Preferred Edge Knives
Preferred Edge Knives address

Welcome to Preferred Edge
About Us and Our Tools
New Products
Our Knives
pfeil chisels
Using Our Knives
Links to sites of Interest
Contact Us

Carving by Richard Baker Sr.
Carving by
Richard Baker Sr.

Using a Double Edge Bent Knife


It is hard to really track down where bent knives started out. Many carvers have found them to be very useful.

You are able to get into places where chisels can't reach. If you read on you will see what I mean.


Carving Illustrated wrote of world famous carver Chris Pye: Although Chris Pye is a traditional carver and not known as a user of knives as such, he does see carving gouges as essentially "glamorous, curved knives with the handle moved around to the side". The hook knives proved perfect for the particular work in hand and elsewhere. It was also obvious that other carvers, particularly knife carvers, would find them a very useful part of their kit of tools as well.

The blades of these knives are mounted close to the surface of the back of the handle that makes it easier to work close to the surface of the wood.

A benefit of the double edge bent knife is: when you are carving and the grain in the wood starts to travel in another direction all you have to do is use the other side of the knife to bring the cut in the opposite direction. All you are doing is cutting in the opposite direction instead of having to turn the whole carving around.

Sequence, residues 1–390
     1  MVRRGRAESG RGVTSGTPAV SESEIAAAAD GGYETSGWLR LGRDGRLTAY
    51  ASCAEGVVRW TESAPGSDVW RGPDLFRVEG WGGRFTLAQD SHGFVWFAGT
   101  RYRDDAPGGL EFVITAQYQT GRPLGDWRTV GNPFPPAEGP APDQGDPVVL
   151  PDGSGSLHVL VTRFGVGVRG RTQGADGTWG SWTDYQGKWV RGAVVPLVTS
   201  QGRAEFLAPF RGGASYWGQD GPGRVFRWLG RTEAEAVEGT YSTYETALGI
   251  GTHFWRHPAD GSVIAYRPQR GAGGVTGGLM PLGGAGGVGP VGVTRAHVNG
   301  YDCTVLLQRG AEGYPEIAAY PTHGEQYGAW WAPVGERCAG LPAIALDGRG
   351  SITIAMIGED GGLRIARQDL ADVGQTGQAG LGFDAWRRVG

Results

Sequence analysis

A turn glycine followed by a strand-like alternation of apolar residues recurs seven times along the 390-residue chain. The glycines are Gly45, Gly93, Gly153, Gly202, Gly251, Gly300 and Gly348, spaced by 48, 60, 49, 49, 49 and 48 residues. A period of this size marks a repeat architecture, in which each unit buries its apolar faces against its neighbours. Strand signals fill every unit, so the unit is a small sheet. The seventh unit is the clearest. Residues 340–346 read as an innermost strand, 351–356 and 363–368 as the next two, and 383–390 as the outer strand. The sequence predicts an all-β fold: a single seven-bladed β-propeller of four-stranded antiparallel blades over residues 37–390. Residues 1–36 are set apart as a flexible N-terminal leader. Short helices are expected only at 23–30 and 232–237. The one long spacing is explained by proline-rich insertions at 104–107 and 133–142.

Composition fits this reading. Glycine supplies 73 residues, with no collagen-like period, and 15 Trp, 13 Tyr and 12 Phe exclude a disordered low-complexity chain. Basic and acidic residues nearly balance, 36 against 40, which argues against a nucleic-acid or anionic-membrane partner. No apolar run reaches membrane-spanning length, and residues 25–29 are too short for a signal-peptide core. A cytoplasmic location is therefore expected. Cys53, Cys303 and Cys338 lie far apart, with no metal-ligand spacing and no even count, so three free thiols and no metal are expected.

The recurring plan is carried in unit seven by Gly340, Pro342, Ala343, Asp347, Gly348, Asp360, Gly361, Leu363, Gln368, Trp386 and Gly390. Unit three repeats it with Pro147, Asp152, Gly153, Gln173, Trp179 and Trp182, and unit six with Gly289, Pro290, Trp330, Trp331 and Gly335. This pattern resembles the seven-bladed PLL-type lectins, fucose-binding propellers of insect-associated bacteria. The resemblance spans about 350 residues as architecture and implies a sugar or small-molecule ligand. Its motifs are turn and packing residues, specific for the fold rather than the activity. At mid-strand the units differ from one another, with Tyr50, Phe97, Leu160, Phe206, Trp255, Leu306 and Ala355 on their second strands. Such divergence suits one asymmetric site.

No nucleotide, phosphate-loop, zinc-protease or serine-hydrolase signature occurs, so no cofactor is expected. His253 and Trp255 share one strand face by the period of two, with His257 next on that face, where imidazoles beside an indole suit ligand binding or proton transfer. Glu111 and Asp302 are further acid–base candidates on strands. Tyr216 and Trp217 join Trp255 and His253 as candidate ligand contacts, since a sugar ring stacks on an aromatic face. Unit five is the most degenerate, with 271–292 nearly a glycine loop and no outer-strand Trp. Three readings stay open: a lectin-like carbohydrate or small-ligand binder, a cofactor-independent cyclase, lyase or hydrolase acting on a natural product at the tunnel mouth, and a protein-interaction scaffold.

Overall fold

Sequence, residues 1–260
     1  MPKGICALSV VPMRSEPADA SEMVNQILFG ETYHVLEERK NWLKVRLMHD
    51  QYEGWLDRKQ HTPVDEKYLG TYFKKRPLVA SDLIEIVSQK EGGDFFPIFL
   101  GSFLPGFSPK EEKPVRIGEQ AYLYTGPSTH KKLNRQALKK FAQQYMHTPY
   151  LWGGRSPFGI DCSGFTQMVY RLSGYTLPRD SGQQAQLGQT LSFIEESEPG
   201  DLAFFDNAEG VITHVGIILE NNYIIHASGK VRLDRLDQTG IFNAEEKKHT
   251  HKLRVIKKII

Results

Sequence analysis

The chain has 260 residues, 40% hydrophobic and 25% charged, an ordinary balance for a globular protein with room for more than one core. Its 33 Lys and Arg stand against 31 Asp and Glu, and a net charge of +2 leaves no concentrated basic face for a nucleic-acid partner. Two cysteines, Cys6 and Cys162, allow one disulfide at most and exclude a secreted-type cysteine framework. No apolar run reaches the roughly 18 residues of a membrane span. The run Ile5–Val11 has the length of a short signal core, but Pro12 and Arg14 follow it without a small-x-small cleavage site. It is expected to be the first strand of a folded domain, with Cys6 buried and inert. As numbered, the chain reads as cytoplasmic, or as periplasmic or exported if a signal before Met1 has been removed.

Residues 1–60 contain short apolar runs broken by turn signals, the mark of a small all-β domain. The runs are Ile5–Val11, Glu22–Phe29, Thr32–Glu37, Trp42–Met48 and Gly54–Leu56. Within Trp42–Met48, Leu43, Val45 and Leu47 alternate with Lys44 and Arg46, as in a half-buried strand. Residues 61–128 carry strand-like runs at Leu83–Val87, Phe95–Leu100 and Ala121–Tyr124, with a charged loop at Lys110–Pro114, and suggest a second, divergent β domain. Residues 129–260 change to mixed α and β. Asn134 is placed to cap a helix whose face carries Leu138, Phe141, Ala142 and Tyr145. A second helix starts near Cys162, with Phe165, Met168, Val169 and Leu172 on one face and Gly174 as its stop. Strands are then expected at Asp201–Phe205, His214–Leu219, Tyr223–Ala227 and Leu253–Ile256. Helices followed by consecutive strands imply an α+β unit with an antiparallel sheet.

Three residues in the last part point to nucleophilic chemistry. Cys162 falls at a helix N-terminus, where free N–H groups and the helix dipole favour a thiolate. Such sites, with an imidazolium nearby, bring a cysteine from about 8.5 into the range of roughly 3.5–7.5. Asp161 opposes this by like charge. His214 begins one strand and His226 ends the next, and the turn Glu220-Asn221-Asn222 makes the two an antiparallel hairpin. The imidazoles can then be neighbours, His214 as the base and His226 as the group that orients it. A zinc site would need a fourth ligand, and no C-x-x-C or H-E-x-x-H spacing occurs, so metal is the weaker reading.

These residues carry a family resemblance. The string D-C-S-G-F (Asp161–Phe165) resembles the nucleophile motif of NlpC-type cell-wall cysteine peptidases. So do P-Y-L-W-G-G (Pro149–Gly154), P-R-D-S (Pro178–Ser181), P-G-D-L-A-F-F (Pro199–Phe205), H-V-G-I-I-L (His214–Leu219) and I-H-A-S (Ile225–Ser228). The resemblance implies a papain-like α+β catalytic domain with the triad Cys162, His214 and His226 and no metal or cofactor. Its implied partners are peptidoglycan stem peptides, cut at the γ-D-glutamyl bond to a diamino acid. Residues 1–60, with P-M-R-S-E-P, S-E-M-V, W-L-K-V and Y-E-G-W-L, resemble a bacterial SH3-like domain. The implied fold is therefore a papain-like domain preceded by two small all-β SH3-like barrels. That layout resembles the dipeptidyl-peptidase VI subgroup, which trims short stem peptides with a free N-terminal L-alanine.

To understand how and where the certain curved knives are used I will try and explain the other benefits. I am sure when you try them you find the areas where these knives will benefit you as a carver. Bent knives can be used in many different areas of carving. The knives can be used in concave areas and for the relief cuts in the background of a relief carving. The blades on these knives can be used to the very tip making it very easy to cut right into a stop cut. A Preferred Edge sharpened bent knife can cut across the grain on red cedar with out tiring the wood. It also helps if you use a slicing action for this cut.


The blade is made from a high-grade tool steel. The steel code is L6. L6 was engineered for woodcutting saw blades and related tools. The Rockwell hardness on these bent blades after they have been heat treated by Preferred Edge are RC 57+. At this hardness these tools are easy to sharpen and stay sharp for a long time.


Bent knives can have a bevel on the inside or the backside. There are benefits to both bevels. Each one will have to be sharpened differently. See sharpening instructions on .


With the bevel on the inside the dig can have a more aggressive dig. This blade wants to dig into the wood because the bevel is on the inside. When this blade wants to dig too much all you have to do is use the opposite side of the blade and cut in the opposite direction.


In most cases when the bevel is on the back or bottom side you have better control of the digging. The cut with this blade wants to stay toward the top of the wood. With this tool there is less chatter when you are cutting in a tighter radius.


There are three main versions of the bent knife. Slow Curve, High Curve and Hook. They will be explained a little more in depth as we go along. Each version of these knives can be held the same way when you start using them. To hold these knives lay the back of the handle in the palm of your hand that you will be using to carve. The tip of the blade should be pointed upward as shown in DIAGRAM A. Place the thumb toward the top of the handle and the little finger should be wrapped around the cord above the blade. See DIAGRAM B

Diagram A Diagram B
Diagram A
Diagram B

There are different ways to use the bent knives. I have had carving lessons, observed carvers and used carving tools myself. I have found that to get the best use of these knives, hold it in your hand at a 90 degree angle, the way it is mentioned above.